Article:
With online classes in some ways we have created a similar tesseract of 4 Dimensional space. Our students are all present within the space of a single “shell” of an online course, but log-in and interact with an infinite possibilities of time, some first thing in the morning, some at lunch, some after they put the kids to bed and some burn the midnight oil, some Mondays and Wednesdays, some on Tuesday and Thursdays and some only on the weekends. Analytics are just now beginning to give us the tools as instructors to make the connections within this space to use synchronous technologies including anything from the simple rapid response email or forum activity that you get when someone else is online the same time as you are to Instant Messaging, web conferencing and other Web 2.0 technologies that are bringing the world closer together every day to connect in real-time to our online students and I believe real-time interventions can impact the overall success, completion and persistence of our students.
On of the benefits of moving to Moodle 2.7 has been the availability of the new improved logging features. The question remains though on how best to make use of this available data. In order to ensure student success interventions need not only be accurate in their assessments, but also timely. In a separate post I will expand more on our recent use of the Moodle Engagement Analytic to better track student success within a course and to provide real-time interventions to improve success and completion. For this post however I want to focus on the use of student log-in data to target optimum times to allocate availability for online office hours, tutoring etc… Additionally I would like to propose some rudimentary methods for identifying clustering and wave patterns to better understand the nuanced engagement patterns that students have within specific courses, and propose some potential drivers for student engagement.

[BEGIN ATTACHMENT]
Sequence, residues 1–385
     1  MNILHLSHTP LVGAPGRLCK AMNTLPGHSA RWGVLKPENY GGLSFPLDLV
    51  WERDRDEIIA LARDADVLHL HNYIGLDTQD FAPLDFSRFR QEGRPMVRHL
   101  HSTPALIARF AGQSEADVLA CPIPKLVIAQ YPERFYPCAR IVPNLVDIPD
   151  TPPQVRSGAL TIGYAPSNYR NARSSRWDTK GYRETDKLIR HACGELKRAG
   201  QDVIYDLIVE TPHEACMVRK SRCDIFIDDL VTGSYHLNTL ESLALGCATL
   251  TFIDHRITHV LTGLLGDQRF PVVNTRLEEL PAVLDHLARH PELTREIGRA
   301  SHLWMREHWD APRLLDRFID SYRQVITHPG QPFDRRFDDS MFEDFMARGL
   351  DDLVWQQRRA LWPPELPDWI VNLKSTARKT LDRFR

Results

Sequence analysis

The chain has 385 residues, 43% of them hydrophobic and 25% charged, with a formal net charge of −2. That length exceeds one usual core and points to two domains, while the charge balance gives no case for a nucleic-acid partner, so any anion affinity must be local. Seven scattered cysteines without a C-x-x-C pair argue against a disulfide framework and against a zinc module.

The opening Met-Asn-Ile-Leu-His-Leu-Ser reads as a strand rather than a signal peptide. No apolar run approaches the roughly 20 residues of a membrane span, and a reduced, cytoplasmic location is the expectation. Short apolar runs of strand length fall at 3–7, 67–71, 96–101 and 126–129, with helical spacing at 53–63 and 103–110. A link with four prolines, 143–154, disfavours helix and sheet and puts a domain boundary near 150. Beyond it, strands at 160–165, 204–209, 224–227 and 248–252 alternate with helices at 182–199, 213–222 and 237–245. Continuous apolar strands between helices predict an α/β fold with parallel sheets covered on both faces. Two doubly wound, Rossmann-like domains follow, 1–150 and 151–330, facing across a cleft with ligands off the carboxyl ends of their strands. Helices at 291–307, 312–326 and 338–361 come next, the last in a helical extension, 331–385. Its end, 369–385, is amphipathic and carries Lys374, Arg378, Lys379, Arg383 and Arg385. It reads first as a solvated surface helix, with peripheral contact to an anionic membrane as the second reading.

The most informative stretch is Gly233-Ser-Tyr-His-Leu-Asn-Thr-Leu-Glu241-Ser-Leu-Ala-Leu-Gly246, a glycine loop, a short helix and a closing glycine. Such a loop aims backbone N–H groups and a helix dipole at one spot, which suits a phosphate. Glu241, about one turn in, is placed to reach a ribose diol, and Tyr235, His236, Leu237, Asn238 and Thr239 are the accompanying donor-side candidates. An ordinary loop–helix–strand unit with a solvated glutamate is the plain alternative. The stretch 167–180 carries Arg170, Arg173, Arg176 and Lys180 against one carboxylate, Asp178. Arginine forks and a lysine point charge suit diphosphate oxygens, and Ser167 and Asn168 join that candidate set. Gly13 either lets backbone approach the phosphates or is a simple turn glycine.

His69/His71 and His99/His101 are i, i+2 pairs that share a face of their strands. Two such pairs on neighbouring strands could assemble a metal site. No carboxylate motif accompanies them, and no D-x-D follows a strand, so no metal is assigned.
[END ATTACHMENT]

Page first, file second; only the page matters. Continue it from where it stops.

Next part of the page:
First the process for extracting data:
- 1. Within Moodle navigate within the Administration block to Logs under Reports:
2. This will gain you access to the logging data for your individual course within Moodle. This is the first stage where you will need to consider exactly what it is that you are searching for in order to best select your data. Since the option to select a relevant date range is not provided, I generally stick with the defaults and go ahead and pull all users for all dates: